The Food Cellar, or Matarkjallarinn, features a lounge-style bar, dining area, and live music every night on a gorgeous rosewood grand piano from 1890. This is a brasserie with a menu that combines seafood and lamb with vegetarian options and focuses on Icelandic ingredients. Choose from a six-course surprise menu or order a la carte. Matarkjallarinn is located at Alstraeti 2, 101 Reykjavik.
Noodle Station is a popular stop for visitors and locals, serving large and inexpensive portions of one of Asia's signature dishes, noodle soup. Above all, Noodle Station is an authentic, family-run restaurant owned by Charin Thaiprasert, who is of Thai descent. According to legend, his noodle soup recipe has been passed down through the family for generations.
Nightlife & drinks
Bravo is at the top of the list. Why do you inquire? For the simple reason that this bar has the city's most extended Happy Hour. Apart from that crucial fact, the bar has an affluent atmosphere; the cozy darkness, the gentle ambient lighting, and the soft-patterned cushions lining the room all contribute to a venue that lends itself to a long session sipping the golden nectar.
Kaffibarinn is instantly recognizable from the street; a significant London Underground symbol rests over the entrance of this hip bar against the maroon, corrugated iron. On weekends, expect a struggle to get in; the bar is frequently packed to the brim.
For coffee lovers
Café Babal is easily identified by its bright orange paint job and first-floor balcony along Skólavörustgur, the road leading directly to downtown from the Lutheran Church, Hallgrmskirkja. Glenn Barkan established the restaurant in 2004 after relocating to Iceland to marry his long-term boyfriend.
Stofan Café is a cozy, well-known café in central Reykjavik. Stofan is one of those perfect, romantic cafés that combines all the right ingredients: great coffee, comfortable seating, a good selection of books, board games, and good company. Stofan's menu is standard, serving sandwiches, paninis, vegetarian soups, and cakes.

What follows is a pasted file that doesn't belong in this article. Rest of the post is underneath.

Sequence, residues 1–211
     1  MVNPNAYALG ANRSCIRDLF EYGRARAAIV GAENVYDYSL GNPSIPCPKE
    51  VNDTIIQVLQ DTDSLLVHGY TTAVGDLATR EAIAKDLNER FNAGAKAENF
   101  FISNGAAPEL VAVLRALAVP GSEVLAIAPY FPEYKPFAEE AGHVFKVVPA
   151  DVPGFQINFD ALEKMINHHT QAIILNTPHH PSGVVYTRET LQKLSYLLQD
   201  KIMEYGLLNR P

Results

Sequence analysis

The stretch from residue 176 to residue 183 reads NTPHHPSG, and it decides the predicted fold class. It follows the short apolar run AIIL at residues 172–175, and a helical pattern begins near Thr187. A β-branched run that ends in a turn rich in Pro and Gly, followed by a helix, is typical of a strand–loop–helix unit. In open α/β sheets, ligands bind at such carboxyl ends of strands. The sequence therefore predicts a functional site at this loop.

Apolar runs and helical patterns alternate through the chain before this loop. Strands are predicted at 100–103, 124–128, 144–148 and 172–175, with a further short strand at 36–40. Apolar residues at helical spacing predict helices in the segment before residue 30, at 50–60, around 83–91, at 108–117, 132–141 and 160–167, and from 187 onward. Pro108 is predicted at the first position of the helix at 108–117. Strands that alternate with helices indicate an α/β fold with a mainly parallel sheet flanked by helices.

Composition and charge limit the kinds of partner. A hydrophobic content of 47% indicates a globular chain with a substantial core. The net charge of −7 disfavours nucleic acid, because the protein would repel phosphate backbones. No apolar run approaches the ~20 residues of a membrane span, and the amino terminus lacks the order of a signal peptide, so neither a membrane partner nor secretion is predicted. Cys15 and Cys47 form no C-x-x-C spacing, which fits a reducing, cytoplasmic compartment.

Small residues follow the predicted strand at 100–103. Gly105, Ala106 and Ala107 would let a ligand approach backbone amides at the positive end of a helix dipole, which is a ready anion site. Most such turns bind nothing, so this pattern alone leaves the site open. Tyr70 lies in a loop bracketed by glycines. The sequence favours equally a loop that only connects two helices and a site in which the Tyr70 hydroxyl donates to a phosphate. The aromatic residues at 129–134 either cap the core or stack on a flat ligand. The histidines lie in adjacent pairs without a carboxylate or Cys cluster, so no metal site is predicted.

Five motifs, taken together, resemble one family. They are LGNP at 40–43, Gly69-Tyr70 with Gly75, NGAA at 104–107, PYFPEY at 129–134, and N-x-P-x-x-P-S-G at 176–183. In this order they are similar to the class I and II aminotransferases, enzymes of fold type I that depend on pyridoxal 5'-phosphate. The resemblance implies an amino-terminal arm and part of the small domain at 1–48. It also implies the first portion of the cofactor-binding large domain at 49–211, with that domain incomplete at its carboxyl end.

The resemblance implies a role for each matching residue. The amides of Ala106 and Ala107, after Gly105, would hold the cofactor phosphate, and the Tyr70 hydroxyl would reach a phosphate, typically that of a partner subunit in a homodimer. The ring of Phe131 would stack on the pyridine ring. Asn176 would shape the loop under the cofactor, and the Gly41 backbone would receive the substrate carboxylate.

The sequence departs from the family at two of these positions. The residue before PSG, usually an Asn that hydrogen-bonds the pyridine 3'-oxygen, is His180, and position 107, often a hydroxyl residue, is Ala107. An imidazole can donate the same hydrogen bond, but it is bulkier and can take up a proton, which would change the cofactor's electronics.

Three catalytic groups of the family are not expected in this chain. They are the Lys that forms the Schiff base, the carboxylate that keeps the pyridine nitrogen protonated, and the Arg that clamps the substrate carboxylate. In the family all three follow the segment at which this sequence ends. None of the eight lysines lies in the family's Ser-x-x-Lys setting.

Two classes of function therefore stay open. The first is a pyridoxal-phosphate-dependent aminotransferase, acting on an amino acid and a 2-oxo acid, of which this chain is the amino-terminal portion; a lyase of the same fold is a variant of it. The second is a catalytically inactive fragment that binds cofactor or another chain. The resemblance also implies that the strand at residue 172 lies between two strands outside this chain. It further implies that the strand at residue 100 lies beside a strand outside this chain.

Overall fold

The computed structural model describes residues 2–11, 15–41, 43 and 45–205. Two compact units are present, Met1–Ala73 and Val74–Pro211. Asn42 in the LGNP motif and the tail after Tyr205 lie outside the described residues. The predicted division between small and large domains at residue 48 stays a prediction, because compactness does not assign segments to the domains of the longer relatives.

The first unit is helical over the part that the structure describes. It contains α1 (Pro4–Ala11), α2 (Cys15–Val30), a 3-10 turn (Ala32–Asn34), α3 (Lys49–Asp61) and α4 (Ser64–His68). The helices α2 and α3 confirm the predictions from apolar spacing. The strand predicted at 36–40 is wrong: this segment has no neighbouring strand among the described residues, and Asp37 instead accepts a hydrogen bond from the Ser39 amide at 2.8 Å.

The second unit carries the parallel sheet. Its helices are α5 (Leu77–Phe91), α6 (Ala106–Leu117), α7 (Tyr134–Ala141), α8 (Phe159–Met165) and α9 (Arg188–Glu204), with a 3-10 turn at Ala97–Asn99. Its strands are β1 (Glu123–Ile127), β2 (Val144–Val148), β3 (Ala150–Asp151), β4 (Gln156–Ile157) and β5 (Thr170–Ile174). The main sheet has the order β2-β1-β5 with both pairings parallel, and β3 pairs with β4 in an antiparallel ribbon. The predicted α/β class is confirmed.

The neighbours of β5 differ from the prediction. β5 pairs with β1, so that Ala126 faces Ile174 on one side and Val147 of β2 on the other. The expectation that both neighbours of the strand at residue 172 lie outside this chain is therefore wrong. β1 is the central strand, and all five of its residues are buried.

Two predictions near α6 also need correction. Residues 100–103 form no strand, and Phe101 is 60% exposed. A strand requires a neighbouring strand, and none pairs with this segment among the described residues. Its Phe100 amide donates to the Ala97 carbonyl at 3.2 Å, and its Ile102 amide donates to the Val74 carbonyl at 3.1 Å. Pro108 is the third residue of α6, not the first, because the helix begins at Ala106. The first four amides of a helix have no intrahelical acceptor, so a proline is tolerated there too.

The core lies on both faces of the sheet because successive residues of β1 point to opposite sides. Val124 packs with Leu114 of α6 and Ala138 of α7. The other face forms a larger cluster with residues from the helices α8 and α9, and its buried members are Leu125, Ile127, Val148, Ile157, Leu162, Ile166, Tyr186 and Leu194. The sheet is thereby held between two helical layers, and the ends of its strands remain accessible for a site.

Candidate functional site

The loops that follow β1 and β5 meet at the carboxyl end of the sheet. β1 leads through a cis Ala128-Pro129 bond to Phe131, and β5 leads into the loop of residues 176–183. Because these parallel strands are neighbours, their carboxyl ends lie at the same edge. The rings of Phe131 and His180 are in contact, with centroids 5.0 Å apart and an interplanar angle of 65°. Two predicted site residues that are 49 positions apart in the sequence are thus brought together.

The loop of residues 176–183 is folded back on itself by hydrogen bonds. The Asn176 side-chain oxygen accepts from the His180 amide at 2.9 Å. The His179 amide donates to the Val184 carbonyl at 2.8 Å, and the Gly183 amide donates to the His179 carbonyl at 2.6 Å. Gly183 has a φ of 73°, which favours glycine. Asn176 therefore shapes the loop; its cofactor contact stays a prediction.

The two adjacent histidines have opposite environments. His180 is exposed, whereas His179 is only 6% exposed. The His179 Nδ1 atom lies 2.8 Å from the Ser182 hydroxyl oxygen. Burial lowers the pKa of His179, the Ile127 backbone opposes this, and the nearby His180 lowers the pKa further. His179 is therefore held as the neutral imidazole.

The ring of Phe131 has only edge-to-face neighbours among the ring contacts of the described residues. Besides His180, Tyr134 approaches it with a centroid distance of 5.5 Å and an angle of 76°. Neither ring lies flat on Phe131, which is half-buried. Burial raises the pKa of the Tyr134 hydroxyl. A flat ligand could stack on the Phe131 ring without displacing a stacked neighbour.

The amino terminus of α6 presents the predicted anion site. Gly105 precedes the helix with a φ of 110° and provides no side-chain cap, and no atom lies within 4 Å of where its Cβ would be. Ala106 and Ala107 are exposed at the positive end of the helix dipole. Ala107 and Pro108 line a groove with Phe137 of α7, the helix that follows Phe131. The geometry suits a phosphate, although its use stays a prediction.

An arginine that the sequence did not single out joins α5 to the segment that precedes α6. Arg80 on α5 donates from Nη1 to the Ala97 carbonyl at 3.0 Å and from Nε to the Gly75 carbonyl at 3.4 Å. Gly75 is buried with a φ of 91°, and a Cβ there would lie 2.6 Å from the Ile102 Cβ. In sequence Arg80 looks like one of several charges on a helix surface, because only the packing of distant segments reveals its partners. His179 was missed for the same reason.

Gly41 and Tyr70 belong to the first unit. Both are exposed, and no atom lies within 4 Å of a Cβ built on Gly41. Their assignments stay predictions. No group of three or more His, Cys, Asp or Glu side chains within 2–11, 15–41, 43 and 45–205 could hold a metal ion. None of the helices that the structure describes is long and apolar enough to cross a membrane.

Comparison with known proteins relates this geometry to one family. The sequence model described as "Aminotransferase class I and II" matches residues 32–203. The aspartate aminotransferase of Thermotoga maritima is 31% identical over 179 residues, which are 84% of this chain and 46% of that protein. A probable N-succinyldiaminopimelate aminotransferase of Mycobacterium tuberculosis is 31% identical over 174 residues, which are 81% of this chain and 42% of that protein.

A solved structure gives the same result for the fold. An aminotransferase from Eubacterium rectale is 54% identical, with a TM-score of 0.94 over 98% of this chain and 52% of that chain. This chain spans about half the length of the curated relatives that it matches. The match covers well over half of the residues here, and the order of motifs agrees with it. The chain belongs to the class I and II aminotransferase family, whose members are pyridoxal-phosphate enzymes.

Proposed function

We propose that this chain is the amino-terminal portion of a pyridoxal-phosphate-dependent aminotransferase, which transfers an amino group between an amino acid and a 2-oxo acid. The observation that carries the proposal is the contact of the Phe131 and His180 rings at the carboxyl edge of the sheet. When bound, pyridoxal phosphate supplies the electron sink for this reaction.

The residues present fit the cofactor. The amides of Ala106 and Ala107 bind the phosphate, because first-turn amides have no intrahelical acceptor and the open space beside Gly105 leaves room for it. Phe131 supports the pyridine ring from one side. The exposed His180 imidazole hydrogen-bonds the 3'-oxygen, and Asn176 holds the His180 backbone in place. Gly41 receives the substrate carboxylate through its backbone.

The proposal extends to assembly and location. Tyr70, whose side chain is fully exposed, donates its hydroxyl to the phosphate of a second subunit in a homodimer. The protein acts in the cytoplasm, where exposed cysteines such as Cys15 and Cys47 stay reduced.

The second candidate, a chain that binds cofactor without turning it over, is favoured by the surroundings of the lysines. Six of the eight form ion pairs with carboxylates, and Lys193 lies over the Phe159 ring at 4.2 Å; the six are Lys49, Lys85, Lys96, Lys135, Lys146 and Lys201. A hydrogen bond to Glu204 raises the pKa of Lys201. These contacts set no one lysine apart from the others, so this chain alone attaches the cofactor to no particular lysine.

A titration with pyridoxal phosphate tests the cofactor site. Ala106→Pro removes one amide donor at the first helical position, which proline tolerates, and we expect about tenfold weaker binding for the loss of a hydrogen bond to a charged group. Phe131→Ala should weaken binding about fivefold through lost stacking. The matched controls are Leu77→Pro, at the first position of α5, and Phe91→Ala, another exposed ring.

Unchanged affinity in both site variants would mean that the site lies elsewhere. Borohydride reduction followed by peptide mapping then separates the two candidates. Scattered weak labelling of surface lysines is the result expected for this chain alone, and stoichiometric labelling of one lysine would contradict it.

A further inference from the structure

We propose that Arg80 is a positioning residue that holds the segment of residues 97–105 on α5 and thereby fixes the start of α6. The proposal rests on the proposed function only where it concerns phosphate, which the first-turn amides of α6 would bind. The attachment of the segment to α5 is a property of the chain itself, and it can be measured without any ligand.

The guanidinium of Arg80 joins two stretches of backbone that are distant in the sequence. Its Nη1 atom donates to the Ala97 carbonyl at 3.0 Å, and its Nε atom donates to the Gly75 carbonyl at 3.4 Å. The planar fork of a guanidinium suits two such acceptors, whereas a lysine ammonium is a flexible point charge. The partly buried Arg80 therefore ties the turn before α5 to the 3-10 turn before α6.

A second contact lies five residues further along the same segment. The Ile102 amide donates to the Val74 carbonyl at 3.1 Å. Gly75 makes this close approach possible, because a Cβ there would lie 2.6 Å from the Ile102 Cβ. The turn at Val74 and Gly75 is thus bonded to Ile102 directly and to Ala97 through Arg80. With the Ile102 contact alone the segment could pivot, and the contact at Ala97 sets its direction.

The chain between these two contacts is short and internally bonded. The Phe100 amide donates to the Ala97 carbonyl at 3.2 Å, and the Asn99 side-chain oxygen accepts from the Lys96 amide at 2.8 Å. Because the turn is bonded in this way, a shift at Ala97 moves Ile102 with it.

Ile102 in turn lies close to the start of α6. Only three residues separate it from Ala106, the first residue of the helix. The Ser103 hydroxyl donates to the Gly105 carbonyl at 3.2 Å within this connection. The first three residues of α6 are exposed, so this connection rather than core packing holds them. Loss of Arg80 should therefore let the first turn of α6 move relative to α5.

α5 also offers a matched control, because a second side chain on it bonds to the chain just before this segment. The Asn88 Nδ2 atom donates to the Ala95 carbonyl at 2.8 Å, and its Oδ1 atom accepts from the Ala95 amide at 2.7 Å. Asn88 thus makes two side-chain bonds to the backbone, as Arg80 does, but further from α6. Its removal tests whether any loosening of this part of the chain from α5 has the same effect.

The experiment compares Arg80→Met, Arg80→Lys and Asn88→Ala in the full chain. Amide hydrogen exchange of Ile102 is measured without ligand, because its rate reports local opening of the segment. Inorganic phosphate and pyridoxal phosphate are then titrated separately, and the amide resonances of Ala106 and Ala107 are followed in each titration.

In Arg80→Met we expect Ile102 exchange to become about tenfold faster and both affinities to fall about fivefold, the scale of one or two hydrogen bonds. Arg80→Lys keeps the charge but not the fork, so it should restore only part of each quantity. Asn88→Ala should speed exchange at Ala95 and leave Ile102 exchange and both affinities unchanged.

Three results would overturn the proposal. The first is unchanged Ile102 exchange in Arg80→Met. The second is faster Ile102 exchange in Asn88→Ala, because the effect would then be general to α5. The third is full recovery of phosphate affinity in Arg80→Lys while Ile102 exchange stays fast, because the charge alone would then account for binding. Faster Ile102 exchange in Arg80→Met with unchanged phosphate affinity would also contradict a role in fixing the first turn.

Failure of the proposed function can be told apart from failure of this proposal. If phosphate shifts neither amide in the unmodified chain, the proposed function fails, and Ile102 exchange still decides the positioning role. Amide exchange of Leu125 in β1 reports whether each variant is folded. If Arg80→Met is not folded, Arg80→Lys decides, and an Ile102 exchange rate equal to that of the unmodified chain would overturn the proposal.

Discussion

If you're a coffee connoisseur, Reykjavik Roasters is your best bet for tasting some of the country's most valuable coffee. The café was founded in 2008 as Kaffismija islands but underwent a rebranding in 2013, reappearing as Reykjavik Roasters. They are now a coffee retailer, cafe, and educator.
The Reykjavik Art Festival
The Reykjavik Art Festival takes place in Iceland's capital from May 18th to June 3rd. It was first held in 1970 and celebrated music, visual arts, dance, literature, design, and other disciplines, emphasizing innovation. The festival has featured some of the world's most well-known artists. Among them are Led Zeppelin, Nina Simone, Andy Warhol, Jaqueline du Pré, Bob Dylan, Goran Bregovic, Ingmar Bergman, Benny Goodman, Mstislav Rostropovich, Luciano Pavarotti, Human League, Doris Lessing, The Shadows, Leonard Cohen, Pulp, Madness, The Stranglers, Björk, Sigur Rós, Björk, Sigur Rós, David Bowie Those who enjoy art in any form will find a plethora of cultural activities to enjoy throughout the festival.
The Iceland Airwaves festival, Iceland's largest showcase of musical talent, takes place in October. Almost every music writer has praised it, with Rolling Stone magazine calling it "the hippest long weekend on the annual music-festival calendar." As a result, it attracts more and more international attention each year. Events are taking place both 'On Venue' and 'Off Venue,' with the former being exclusive to Airwaves ticket holders in specific venues such as Harpa and the bar Gaukurinn, which have limited entry all weekend, and the latter taking place everywhere else. This is not limited to bars and clubs; performers can be found in cafés, restaurants, record stores, the streets, and even people's homes.
The Food and Fun Festival
The Food and Fun Festival is an annual event held in February or March where you can enjoy your meals. Many of the world's greatest chefs visit Iceland to work with Reykjavik's finest restaurants to create inventive dishes that delight the taste buds of those in attendance. Each chef is assigned to one of the participating restaurants, where they create a menu inspired by their own international travels and make it with Icelandic ingredients and products.
We've reached the end of the article about Reykjavik. This city has a fantastic atmosphere, and we believe you will love it as much as we did! In the meantime, you can read other articles on our blog. Still thinking about what to buy for Christmas? Check out our article, which will help you out. You can explore what to do in Oslo or Tromsø. Do not forget to follow us @thewalkingparrot to be continuously updated on the new releases. We will be back soon with a new article!